"I consider the objectives that have been set for the Defence Ministry to be generally accomplished,” Russian President Vladimir Putin said on March 14. However, Moscow’s stated objective of fighting terrorism has clearly not been accomplished; Isis is still very much there. In your opinion, what could cause such a sudden move of Russia?

Russia’s stated objective of fighting terrorism was not its main objective from the start. Russia’s campaign focused mostly on shoring up the Assad regime with attacks on the more moderate opposition rebels in Syria. Russia’s real objectives in Syria seem to be securing the Asad regime’s ability to survive and jumpstarting diplomatic negotiations on Syria with Russia at the table. It achieved those objectives. Russia also withdrew in part because of the enormous costs of the campaign. Russia is already funding another war in Ukraine and has enormous obligations due to the need to integrate Crimea into the Russian economy. This is occurring at a time when the Russian economy is in severe trouble due to persistently low oil prices. The withdrawal was announced before the Russian public became aware of the true costs of this war – a war that was not universally popular.

Paul Stronski
Paul Stronski is a senior fellow in Carnegie’s Russia and Eurasia Program, where his research focuses on the relationship between Russia and neighboring countries in Central Asia and the South Caucasus.
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According to Russian media, the withdrawal of Russian troops from Syria could lead to end of sanctions against Russia. What do you think about it?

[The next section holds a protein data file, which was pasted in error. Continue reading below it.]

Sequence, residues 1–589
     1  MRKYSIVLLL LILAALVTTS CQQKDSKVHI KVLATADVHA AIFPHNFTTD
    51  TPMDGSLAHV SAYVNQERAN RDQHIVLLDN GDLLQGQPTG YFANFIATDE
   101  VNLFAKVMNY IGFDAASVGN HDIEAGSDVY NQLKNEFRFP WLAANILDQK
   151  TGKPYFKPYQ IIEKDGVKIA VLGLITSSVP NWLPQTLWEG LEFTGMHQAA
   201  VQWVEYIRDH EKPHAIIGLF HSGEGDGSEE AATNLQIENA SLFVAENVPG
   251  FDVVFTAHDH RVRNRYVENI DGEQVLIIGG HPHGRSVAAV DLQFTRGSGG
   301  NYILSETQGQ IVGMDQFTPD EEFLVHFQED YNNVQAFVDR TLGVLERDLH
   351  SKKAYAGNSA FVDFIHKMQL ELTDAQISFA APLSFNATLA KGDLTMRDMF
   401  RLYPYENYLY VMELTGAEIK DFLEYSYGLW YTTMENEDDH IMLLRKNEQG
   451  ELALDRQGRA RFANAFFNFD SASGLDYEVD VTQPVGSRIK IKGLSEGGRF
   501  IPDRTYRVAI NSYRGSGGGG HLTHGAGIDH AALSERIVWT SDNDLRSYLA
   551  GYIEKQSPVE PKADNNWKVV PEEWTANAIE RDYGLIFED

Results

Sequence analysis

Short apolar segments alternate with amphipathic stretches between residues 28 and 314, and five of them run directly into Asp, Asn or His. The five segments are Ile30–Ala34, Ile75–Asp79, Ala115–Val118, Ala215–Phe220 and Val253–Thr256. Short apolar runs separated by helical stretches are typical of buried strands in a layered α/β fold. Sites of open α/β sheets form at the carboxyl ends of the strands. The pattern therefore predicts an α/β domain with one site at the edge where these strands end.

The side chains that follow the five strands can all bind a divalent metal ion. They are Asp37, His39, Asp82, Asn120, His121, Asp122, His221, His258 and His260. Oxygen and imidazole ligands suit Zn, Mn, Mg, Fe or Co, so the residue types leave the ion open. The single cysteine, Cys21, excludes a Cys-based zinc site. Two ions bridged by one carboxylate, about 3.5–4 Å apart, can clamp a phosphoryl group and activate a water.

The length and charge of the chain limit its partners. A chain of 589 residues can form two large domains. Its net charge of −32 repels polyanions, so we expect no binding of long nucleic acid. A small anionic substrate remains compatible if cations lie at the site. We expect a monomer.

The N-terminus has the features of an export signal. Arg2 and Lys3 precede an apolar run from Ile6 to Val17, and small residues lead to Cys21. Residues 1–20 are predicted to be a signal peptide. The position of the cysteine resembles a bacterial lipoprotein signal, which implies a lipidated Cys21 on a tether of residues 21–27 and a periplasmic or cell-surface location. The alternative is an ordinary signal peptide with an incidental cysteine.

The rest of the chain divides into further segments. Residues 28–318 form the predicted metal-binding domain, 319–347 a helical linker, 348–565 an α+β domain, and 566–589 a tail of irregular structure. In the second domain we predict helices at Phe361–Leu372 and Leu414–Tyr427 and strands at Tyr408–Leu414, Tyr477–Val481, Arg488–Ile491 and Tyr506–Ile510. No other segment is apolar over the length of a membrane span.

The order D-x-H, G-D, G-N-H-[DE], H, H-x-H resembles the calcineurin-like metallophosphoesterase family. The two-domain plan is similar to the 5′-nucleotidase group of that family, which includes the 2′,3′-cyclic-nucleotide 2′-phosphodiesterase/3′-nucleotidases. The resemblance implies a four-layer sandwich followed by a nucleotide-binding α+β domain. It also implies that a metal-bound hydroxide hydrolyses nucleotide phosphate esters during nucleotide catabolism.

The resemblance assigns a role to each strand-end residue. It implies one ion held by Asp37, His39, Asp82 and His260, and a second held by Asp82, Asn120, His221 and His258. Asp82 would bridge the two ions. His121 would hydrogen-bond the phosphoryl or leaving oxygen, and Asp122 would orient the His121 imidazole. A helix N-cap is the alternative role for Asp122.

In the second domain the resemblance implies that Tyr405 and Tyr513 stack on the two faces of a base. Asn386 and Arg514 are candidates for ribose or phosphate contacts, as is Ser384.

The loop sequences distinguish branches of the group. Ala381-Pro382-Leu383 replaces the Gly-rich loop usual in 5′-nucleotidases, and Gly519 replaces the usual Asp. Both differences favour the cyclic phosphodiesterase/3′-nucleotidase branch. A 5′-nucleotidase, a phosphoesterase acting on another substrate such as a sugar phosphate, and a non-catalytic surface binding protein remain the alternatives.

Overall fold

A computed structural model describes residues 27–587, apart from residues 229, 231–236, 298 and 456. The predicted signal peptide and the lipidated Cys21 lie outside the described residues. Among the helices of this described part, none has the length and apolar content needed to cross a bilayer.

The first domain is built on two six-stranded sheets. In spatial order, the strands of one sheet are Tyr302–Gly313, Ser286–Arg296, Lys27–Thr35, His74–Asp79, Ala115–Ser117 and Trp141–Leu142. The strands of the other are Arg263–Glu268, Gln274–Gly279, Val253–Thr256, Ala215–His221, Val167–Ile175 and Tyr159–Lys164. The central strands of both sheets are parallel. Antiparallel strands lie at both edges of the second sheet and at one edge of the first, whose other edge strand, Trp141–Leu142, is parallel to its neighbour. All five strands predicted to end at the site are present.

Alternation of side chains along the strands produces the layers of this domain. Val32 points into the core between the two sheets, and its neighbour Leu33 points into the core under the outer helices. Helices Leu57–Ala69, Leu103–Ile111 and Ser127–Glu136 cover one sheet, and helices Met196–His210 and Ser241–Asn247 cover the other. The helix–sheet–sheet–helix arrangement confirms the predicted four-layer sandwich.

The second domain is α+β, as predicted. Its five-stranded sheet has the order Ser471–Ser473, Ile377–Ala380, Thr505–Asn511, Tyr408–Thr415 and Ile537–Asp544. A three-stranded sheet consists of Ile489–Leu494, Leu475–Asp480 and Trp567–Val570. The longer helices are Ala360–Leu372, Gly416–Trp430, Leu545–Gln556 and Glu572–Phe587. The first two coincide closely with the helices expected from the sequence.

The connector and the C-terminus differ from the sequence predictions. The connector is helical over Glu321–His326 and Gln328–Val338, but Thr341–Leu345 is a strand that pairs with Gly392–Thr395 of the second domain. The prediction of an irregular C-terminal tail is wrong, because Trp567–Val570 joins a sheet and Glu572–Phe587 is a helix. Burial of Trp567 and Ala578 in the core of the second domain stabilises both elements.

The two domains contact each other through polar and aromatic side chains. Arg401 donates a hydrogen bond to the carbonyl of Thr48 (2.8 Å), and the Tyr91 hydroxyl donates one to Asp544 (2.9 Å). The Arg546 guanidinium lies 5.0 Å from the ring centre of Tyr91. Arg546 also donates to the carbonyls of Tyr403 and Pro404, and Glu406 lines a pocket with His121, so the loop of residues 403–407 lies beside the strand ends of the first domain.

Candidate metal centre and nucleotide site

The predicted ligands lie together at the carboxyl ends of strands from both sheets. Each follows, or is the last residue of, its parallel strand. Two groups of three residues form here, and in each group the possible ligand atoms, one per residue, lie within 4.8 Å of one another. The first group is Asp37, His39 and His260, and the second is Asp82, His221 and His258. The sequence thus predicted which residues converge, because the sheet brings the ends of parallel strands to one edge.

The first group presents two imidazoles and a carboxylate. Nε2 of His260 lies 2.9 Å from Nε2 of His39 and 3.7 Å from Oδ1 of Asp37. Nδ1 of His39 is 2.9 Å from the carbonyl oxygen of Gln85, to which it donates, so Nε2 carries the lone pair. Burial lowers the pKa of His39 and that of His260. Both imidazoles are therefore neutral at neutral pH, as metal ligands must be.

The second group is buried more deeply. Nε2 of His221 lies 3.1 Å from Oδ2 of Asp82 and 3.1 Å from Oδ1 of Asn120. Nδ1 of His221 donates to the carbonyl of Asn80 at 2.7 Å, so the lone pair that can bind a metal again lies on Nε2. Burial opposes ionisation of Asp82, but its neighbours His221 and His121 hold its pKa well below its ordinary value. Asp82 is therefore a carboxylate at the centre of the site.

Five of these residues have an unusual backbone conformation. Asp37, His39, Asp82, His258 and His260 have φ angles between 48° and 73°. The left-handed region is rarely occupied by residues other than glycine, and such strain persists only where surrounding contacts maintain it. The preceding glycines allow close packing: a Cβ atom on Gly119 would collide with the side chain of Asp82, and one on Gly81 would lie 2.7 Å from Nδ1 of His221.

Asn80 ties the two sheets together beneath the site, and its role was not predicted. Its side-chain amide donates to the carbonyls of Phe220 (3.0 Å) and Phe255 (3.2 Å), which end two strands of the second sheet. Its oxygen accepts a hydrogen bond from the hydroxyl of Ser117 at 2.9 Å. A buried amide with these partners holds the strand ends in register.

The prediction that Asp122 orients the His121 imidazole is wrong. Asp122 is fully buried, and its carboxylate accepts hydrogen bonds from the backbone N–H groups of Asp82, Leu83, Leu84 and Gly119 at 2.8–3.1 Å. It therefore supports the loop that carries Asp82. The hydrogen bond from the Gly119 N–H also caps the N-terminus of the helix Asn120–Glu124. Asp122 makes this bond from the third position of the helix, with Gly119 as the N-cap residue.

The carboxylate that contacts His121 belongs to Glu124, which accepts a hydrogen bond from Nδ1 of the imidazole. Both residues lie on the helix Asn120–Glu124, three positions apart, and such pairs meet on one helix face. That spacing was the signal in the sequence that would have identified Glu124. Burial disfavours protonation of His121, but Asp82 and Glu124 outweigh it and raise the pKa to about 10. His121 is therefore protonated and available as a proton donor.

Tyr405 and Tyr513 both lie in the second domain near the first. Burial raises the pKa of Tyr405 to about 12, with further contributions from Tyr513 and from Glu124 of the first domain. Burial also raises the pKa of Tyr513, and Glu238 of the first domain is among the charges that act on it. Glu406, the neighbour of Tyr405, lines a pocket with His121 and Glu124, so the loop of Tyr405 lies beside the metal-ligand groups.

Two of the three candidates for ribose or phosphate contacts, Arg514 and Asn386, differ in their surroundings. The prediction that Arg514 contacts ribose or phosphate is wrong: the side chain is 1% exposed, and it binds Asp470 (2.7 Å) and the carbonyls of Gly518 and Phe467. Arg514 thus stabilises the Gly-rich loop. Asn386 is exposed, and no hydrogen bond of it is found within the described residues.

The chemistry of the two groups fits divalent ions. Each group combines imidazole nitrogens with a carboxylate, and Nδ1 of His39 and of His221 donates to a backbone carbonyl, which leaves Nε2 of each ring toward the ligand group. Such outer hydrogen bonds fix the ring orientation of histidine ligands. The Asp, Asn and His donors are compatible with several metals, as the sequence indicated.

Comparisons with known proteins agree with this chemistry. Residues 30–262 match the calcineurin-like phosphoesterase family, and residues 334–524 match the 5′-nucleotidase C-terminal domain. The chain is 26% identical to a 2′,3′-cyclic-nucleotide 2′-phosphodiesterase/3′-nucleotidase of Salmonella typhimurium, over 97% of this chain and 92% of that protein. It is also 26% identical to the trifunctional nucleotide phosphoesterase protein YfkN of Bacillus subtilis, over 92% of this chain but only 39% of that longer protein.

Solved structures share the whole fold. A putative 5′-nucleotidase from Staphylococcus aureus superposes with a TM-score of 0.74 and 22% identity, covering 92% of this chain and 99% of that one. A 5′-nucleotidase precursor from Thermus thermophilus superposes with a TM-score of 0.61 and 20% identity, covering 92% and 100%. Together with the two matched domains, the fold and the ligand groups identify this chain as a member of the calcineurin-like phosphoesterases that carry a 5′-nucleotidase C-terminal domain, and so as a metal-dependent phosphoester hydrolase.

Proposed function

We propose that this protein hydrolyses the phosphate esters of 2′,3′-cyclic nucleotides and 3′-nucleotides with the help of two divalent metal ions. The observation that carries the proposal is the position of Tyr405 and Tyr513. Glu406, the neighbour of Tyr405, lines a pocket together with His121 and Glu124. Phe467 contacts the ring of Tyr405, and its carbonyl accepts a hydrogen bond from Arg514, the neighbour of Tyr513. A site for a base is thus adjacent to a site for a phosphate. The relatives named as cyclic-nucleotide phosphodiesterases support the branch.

On the withdrawal of Russian troops leading to the end of sanctions, I doubt it, particularly regarding U.S. sanctions. They are in place because of the annexation of Crimea and the war in Ukraine. As long as those issues remain unresolved, U.S. sanctions will continue. Regarding European sanctions, that is a bit more complex. EU unity over sanctions is fraying, but that has less to do with Syria and more to do with internal European issues and certain countries concerns about the economic impact of sanctions to European businesses.

Georgian citizens as well as citizens of Russia and many European countries have left for Syria to join Islamic State. In 2014 the Georgian government amended the Criminal Code to criminalize participation in international terrorism, recruitment for membership in a terrorist organization, and failing to hinder a terrorist incident. In addition, Georgia’s Defence Ministry offered contractual military service to young people living in the Pankisi Gorge. In your opinion, what additional preventive measures should the Georgian government take to stop its citizens travelling to Syria?

The biggest recruiting tool for extremist groups is disenfranchisement. When minority groups feel oppressed and either economically or socially disenfranchised, they are more likely to fall prey to extremist messages. In addition to offering contractual military service to people in the Pankisi Gorge, any efforts to improve the economy and employment opportunities beyond the military would be a good idea. It is also important not to marginalize any ethnic groups in the country. Marginalization of Muslim minorities often pushes youth towards extremism, so it is not just what the government can do in the short term, but what it can do to make sure that Georgian society remains open, pluralistic and tolerant of all citizens of Georgia.  

This interview originally appeared in Accent